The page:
Global Energy Transition

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The year 2020 was supposed to be a turning point in the global energy transition. The production and consumption of energy accounts for two-thirds of annual global anthropogenic emissions that make the transition central to delivering the promise of the Paris Agreement.

Countries were expected to take stock of their Nationally Determined Contributions to meeting the Paris Agreement’s goals and potentially strengthen their commitments to keeping global temperature increases to well below 2 degrees, with the ambition of reducing this figure to no more than 1.5 degrees. 2020 arrived with a sense of gathering momentum as the world entered its decade of delivery.

But over the course of the past few months, we have been up against a low-probability, high-impact catastrophe of global proportions. The speed, scale and intensity of the covid-19 pandemic caught us off guard, necessitating the reallocation of resources and a collective conviction towards limiting the extent of the damage, and restoring normalcy as soon as possible.

Covid-19 has proven to be a “black swan” event, threatening to undo the gains from the longest period of economic expansion in history.

Its disruptions have exposed vulnerabilities in the energy system. The short-term outlook for the energy transition is, therefore, at risk. The unprecedented speed and extent of the drop in energy demand, and the accompanying price volatilities and geopolitical implications have destabilized the global energy system.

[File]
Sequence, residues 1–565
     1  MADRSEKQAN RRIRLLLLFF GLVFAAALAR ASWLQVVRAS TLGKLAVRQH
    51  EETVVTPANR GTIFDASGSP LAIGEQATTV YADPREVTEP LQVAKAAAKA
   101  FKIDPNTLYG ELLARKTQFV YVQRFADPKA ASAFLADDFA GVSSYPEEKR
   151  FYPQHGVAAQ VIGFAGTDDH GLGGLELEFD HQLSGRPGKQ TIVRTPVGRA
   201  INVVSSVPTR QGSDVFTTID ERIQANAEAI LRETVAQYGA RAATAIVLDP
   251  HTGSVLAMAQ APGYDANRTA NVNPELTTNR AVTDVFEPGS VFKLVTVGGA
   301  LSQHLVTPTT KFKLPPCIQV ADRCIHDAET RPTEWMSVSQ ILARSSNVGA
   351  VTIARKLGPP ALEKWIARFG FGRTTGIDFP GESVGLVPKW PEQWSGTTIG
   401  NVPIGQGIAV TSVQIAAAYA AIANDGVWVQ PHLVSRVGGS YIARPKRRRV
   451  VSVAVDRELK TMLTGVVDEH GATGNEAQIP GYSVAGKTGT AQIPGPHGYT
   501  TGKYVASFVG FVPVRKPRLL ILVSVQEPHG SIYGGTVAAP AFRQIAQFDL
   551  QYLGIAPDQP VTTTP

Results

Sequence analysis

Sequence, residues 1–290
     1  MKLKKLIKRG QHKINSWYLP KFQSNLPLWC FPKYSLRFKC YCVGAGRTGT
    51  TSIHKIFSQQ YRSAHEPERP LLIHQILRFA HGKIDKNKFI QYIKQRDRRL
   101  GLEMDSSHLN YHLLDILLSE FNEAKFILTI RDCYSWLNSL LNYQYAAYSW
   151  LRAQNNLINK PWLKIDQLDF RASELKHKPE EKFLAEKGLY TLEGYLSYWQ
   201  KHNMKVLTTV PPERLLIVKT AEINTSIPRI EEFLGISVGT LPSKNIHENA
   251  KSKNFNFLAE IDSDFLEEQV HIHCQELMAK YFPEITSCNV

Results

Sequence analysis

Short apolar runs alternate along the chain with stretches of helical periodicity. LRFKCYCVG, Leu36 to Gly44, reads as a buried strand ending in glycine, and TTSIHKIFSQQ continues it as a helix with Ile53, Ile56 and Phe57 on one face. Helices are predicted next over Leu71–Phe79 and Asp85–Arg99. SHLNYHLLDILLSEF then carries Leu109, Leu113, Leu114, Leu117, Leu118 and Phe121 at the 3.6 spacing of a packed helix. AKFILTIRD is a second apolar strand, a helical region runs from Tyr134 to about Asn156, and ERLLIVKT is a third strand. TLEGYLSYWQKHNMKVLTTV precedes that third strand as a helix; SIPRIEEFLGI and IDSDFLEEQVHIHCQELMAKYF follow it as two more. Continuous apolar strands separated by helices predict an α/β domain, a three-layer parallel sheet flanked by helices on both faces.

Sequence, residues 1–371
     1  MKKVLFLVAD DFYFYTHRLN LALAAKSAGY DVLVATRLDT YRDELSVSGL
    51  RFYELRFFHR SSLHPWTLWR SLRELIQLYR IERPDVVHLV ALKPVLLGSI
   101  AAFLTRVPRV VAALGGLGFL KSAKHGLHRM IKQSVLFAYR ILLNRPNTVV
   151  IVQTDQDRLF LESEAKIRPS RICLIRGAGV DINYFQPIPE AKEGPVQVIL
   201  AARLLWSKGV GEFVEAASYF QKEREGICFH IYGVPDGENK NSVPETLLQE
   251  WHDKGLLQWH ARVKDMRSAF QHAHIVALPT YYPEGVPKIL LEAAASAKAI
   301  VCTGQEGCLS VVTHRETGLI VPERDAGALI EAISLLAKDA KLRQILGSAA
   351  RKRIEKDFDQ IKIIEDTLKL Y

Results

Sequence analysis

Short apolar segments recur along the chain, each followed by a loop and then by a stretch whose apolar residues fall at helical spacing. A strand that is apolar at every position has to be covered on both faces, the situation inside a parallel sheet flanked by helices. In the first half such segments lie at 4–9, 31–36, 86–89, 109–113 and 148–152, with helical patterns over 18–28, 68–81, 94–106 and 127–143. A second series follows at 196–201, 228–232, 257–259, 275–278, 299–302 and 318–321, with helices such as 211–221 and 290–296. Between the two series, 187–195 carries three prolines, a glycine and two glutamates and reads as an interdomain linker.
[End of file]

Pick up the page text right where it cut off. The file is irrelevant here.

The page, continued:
The economic dimensions of energy transition mean that extreme price volatility has fiscal implications for countries, and impacts the livelihoods of millions of energy sector workers. It also alters the competitiveness of renewable energy technologies and reduces incentives for energy efficiency. Resilience, not just in markets and infrastructure, but also in policy and cooperation mechanisms will be critical for an accelerated recovery.

There are signs of revival, as energy demand seems to be gradually picking up. However, it might be longer before the economy reclaims the lost ground. Given the uncertain economic outlook, purchase of automobiles and domestic appliances might be postponed, infrastructure development could be paused, and non-essential industrial activities might take longer to restart.

This decline in energy consumption has an immediate effect on the environment, as skies have cleared in even the most polluted areas of China and India. While this may be a blessing in disguise for the environmental sustainability agenda, it should not be mistaken for progress, and also demonstrates the cost we need to pay for an effective energy transition.